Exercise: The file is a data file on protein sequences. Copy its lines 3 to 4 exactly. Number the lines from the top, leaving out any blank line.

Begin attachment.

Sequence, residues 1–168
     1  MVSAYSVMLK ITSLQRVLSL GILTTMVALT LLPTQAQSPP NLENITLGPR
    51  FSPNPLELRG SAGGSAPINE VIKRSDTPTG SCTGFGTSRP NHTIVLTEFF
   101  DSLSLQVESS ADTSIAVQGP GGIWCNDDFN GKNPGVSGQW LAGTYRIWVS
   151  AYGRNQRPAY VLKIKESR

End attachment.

    51  FSPNPLELRG SAGGSAPINE VIKRSDTPTG SCTGFGTSRP NHTIVLTEFF
   101  DSLSLQVESS ADTSIAVQGP GGIWCNDDFN GKNPGVSGQW LAGTYRIWVS